I hardly ever do this, but decided it’d be nice to try something different for once. You know I finished Woman in Love, which is a mother and son split POV in quirky (crazy) lit style. Well, after reaching the last page I felt Jane’s story had wrapped up nicely, but Keith’s was still in the air. I guess that’s because he’s so young. I mean, nothing’s ever really wrapped up at fourteen, is it? I am very content writing from the perspective of a teen and the reason for that is—I believe—there’s a ton of philosophy going on at that age.
Anyway. I’ll set up the chapter. Keith, who is now fifteen, is hanging out with his college friend Mark, who you might remember is a pot smokin’, Dungeons & Dragons playin’, smart ass with long hair and the motto of: Say it straight. These two were the culprits in blowing up Keith’s dad’s auto lot on the Bicentennial, plus spraying graffiti about two chicks on the Stultz bridge. Now that’s all coming back to haunt them. Thanks for reading.
We finish the pizza and Coke and Mark smokes another cigarette. We’re just about to slide out of the booth when the group from the other table comes over, talking loud.
“Yeah, those are the ones who wrote that shit about us on the bridge,” I hear Barbara say. She hikes a thumb back at Mark and I, and the two of us freeze. If you were a stranger and had walked into town for the first time and saw Carl and Doug sitting in the booth earlier, you’d think they were average size, but standing up it’s a whole other story. These guys are monsters. But they hadn’t messed with me all year, and it wouldn’t make sense to do it now. Anyway, everyone in town thinks I’m the lone person who sprayed that message about Barbara and Tricia. No one knows Mark helped—and that’s how I want it. I never ratted him out because I didn’t want him to get in trouble with his folks.
Well, Mark doesn’t seem to care about trouble tonight. He shoves his way out of the booth and into the group, arms crossed stiffly in front of his chest. I amble out too, careful not to knock into the guys. I don’t even look at them. All I want is my guitar and to get the hell out of there.
“You chicks up for any fun?” Mark asks.
Barbara and Tricia look him over, then me, and roll their eyes. “No thanks,” they say.
“You won’t be having any with these losers.” He hikes his head at Carl and Doug.
Oh shit. I grab my guitar case and push through the group and hope Mark’s getting the message to leave too. I don’t want a fight. I’m the peaceful sort—not because of anything Eric’s taught me, I’m just that way on my own. Fighting is such a caveman thing to do. Might as well carry a club and pick nits off every person you see. It’s primal, man.
“Why don’t you like me?” Mark asks pouty-like, and I can hear what he’s really doing is being a comedian. He’s getting their goat.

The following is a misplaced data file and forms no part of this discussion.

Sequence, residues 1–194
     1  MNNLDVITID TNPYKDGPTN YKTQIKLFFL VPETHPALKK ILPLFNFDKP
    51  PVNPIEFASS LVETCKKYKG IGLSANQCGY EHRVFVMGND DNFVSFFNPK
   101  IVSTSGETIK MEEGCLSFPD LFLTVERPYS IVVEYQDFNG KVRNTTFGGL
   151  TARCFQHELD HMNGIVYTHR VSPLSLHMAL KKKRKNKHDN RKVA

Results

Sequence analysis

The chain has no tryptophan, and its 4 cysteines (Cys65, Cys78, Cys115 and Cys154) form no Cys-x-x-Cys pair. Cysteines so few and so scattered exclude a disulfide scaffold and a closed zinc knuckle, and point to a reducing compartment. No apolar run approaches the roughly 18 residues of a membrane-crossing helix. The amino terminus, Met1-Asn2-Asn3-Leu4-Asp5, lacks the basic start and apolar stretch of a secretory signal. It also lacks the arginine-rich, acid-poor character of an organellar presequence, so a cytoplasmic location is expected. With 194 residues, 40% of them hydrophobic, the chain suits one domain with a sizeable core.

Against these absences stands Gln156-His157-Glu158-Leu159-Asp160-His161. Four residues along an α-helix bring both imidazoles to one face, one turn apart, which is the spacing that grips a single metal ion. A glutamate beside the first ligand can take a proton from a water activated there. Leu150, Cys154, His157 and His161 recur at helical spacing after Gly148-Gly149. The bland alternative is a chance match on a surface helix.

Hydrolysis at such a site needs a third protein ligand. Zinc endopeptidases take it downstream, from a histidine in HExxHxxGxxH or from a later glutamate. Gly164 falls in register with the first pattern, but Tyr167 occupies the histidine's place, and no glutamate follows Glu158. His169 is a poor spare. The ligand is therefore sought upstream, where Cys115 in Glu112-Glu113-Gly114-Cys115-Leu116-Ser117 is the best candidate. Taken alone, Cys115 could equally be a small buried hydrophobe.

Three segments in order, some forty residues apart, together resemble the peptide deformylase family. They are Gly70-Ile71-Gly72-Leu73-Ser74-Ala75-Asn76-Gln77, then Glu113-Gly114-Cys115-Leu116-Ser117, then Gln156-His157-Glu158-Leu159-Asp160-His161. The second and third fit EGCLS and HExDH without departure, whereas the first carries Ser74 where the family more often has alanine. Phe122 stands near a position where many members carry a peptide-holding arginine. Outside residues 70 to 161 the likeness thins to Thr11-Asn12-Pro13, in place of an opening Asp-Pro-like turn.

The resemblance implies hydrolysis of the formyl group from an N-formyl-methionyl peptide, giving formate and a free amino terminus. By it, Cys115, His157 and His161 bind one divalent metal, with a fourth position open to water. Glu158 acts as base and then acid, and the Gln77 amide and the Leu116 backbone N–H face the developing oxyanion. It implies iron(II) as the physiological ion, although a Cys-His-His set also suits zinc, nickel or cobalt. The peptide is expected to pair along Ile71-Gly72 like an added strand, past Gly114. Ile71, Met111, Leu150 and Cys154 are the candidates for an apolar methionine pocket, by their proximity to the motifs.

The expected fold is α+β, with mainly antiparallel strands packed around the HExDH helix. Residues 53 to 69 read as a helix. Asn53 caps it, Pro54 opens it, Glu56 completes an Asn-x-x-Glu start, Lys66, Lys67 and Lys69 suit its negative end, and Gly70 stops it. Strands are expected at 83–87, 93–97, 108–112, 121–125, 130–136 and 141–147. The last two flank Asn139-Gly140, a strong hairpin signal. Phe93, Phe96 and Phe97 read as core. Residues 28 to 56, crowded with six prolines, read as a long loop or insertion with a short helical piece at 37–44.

“Because you’re gross, that’s why.”
“Gross. Do you mean that as an adjective or a verb?”
I can’t help it, I let out a laugh and catch the attention of Doug, who cracks his knuckles.
Mark goes on. “Cause the first means I’m a fat slob, which I’m not. Now the second means I’m worth a shitload. Which one is it, ladies?”
Doug and Carl close in and Mark flips his hair. Did I tell you it’s so long it goes down his back? It almost covers the worn out pot symbol on his jacket. “Easy, fellas. I’m leaving.”
Mark joins me at the pay counter. He pulls out a ten and hands it to the clerk, gets his change and we leave.
“You’re really asking for it,” I whisper on the way out the front door.
“So what? They were talkin’ shit. They’re punks.”
“Yeah, but they’re big punks. And I see them every day at school.”
Mark shrugs. “They’re pussies. Chicks are hot, though.”
Mark’s failing to see the tragedy of the situation, and how everything he just said might result in my eventual death. Plus, I hate that he thinks the girls are hot. Barbara and Tricia are hideous to me after calling me a fag. True skanks.
“Whatever, all I’m saying is you don’t have to deal with them the way I do. You can go back to college and get the hell out of Stultz, but I’m stuck here with these assholes.”
“At the moment, I’m feeling kinda stuck too.” Mark shoves his hands into his pockets. “Look, I’m sorry, man. I shouldn’t have done it. I was just having fun with them, is all.”
“Well maybe think about not having so much fun next time, when it ain’t people you see every day.”
The door opens behind us, and before we can even make it out of the lot I see Carl and Doug heading our way. The girls stay behind at the front entrance. Carl’s walking fast. He’s got a look in his eye that says blood and I know what’s about to happen.